What does a Garden Gnome do when she is not gardening, in the kitchen or doing genealogy? Well the answer might just surprise you so read the entries to find out more. This blog focuses on everything we do to make our house a home. There will be a strong emphasis on home energy efficiency and do-it-yourself (DIY) projects. At the same time there will also be crafts, knitting and crocheting projects along with any other little tips we do to create that down to earth, I want to be here home. Please enjoy your visit :)


Thursday, December 29, 2011

Snowbirds

Snowbird is a term used for those in the northern US states and Canadian provinces spending most of the winter in the southern US states.  While my husband and I own vacation property in the sunny south we are not the typical snowbird because we only go down three times a year for 2 to 5 weeks at a time.  It's not that we couldn't stay longer, we choose not to and my husband isn't ready to fully retire anyway.  We are homebodies enjoying being at home entertaining our family and friends especially during the holiday season.

What is really nice about our vacation home is it is pretty much the same colour schemes as our new home - taupes, moss green, browns and burgundy.  I think the only real difference is our couch set here (permanent home) is navy blue but that works with all those colours too.  So anything I bring to the vacation home from here automatically matches. 

Garden Gnome
©2006-2011


Wednesday, December 28, 2011

Back Home

We left on December 4th to spend a couple of days in Wisconsin before going to our vacation home in the sunny south.  It was a very much needed break and while we could have stayed longer, we arrived home on the 22nd because I wanted to be home for the holidays with the kids and grandkids. 

We didn't do a lot of shopping in Florida as we were flying without checking a bag.  It's less expensive that way.  We did find a Hobby Lobby that was amazing so I went online to find one closer to our permanent residence.  It was late so we stayed overnight to have a fresh start the following day.  I picked up a few craft projects at Hobby Lobby so will be sharing those with you shortly.  We stopped there along with stopping to do a bit of shopping the day after arriving at the airport.  One stop was Bed Bath & Beyond, another really nice place to shop.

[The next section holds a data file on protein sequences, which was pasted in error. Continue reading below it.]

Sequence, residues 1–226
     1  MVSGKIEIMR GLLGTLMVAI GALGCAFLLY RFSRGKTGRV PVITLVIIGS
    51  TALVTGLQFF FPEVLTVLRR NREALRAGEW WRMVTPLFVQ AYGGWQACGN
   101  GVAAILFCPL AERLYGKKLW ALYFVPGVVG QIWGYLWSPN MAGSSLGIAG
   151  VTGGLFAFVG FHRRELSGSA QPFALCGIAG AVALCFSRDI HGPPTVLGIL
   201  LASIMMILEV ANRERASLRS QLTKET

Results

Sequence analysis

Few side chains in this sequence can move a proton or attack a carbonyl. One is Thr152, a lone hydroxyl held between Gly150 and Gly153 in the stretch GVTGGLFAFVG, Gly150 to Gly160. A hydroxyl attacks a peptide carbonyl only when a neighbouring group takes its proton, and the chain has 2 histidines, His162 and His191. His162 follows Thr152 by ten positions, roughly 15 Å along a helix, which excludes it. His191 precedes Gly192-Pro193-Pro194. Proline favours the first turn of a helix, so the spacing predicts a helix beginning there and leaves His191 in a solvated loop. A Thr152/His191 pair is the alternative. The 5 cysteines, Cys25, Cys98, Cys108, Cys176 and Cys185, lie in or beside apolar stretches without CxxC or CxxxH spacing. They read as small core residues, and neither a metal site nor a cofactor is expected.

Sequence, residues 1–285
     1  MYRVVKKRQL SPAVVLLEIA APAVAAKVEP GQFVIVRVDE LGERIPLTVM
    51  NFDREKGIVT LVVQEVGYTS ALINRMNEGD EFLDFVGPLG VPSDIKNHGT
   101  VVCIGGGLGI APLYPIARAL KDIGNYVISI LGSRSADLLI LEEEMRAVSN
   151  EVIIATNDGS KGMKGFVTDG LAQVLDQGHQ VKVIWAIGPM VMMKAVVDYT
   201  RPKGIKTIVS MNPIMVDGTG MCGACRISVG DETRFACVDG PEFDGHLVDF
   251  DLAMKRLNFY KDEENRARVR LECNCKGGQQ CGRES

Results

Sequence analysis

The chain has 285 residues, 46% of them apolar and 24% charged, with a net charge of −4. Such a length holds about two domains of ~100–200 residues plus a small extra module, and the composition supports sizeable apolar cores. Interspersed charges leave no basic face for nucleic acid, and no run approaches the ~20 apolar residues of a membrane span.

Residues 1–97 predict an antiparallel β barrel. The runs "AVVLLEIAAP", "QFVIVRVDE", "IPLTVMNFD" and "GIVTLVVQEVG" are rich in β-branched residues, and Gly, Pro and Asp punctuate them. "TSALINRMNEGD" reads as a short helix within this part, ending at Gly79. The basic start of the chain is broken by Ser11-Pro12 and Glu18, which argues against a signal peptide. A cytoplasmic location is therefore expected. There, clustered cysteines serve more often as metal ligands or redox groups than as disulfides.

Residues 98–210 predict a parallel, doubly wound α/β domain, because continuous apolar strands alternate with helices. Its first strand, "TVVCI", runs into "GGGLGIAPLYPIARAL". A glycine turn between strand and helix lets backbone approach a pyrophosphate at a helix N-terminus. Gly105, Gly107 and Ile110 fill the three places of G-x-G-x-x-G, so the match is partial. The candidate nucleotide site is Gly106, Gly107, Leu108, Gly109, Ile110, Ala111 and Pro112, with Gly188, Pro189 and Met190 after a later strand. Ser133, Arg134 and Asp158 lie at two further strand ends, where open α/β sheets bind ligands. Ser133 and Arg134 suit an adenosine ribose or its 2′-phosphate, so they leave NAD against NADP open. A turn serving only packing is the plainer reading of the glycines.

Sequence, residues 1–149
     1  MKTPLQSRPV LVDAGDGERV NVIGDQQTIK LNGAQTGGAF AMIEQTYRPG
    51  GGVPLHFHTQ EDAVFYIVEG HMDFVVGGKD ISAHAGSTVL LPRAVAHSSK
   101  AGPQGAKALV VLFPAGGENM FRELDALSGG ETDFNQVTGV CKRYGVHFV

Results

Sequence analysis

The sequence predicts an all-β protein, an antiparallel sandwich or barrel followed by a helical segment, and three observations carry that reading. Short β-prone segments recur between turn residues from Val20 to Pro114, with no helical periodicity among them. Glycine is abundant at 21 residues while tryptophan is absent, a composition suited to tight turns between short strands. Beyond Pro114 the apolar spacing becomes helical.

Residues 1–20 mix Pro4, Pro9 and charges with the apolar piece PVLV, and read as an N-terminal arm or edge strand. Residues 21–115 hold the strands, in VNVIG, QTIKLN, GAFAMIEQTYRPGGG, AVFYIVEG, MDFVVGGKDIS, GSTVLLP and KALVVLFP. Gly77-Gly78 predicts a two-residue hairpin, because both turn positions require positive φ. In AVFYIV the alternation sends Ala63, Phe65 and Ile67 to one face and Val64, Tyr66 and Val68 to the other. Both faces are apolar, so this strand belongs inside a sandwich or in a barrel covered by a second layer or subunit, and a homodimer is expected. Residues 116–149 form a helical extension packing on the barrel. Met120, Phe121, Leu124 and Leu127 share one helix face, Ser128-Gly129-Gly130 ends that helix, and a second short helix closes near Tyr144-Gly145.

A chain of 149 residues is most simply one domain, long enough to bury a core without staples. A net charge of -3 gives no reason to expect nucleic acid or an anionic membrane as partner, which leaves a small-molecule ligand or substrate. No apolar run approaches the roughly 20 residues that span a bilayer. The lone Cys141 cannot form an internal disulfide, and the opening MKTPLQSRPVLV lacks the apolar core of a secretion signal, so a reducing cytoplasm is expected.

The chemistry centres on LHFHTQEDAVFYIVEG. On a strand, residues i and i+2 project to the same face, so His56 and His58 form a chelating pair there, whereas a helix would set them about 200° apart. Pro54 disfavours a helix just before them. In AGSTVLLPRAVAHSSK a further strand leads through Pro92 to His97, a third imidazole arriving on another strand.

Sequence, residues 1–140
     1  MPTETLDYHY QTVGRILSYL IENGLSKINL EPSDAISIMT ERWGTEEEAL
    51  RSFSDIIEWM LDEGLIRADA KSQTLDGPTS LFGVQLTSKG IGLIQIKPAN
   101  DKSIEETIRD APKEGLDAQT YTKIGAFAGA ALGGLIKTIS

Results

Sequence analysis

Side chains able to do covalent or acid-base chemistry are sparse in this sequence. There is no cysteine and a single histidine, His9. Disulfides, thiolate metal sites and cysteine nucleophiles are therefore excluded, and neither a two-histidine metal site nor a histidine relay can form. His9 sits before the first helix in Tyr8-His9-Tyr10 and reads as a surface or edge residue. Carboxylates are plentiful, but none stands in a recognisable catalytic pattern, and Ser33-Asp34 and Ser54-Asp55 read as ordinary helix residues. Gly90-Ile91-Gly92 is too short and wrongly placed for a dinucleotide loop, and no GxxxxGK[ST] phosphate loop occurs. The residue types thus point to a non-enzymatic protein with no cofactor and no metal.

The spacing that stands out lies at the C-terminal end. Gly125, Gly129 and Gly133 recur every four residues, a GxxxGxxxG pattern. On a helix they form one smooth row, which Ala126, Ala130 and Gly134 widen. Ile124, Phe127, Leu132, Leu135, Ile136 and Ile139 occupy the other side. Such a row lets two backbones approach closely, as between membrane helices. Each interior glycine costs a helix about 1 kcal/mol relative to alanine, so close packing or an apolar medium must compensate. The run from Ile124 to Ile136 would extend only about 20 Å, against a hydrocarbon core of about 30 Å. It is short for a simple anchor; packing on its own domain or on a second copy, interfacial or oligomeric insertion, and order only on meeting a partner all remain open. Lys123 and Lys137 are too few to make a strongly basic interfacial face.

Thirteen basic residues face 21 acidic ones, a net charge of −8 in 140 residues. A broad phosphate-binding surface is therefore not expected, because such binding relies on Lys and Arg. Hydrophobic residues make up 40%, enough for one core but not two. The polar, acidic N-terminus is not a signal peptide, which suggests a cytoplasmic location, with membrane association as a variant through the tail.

Without a shadow of a doubt the number one kitchen gift this year was the Keurig single server coffee makers with accessories and K-cups.  We absolutely love our Keurig!  One of our kids bought theirs first to replace their Melitta One:One.  After much consideration along with our badly failing Melitta One:One we bought our Keurig coffee maker and just recently another of our kids bought one.  K-cups are expensive as homemade coffee goes coming it at as high as 79¢ per cup but less expensive than coffee purchased out.  Bought on sale I can find the K-cups for as low as 50¢ per cup and through One Cup Connection I can get them for about 39¢ per cup.  We bought the My K-cup re-usable filter system which brings the price down to 9¢ per cup.  The My K-cup comes with one re-usable filter basket but we found a two pack of the filter baskets at Bed, Breakfast and Beyond for $8.99, not a bad price considering we use our Keurig on average a few times a day and not just for coffee.  There are other re-usable filter systems for the Keurig and now there are various styles of storage systems for the K-cups.  The Keurig was the only noticeable kitchen gift item this year from what we saw.

Anyway we are back home so I'm looking forward to a couple of months of turning our new house into a home.  It already feels like home but I want to make curtains, cushions, paint all of the rooms, add my own decorating style and that type of thing.  I will be heading to the paint store the first week of January so expect to hear a lot about painting!  I need to make a new afghan for the family room just for this house as that has been a tradition for every home we have been in.  I found a really nice pattern so just have to buy the yarn.  I'm planning on redoing most of the landscaping as well as adding new garden beds.  It should be a rather exciting 2012 with everything I have in mind!

Garden Gnome
©2006-2011


Wednesday, December 14, 2011

Some Home Upgrades Do Not Pay When Trying to Sell a House

We recently sold our fifth house, bought a vacation home and moved into our sixth purchased house.  When it comes to buying and selling houses some home upgrades simply do not pay for themselves when trying to sell a house.  They may help sell the house faster but you won't recoup the costs.  The list of upgrades fitting into this category will depend on the location and the current real estate market.  For example, it would have cost us $30,000 to rebuild our dock at our last house and yet we still would have taken a loss on the house.  The real  estate market had softened to the point we could have spent $100,000 on the house and still see a loss.  'Twas the sign of the times.  In general, in our area the following will not help greatly when selling a house and in some cases may even hurt the sale: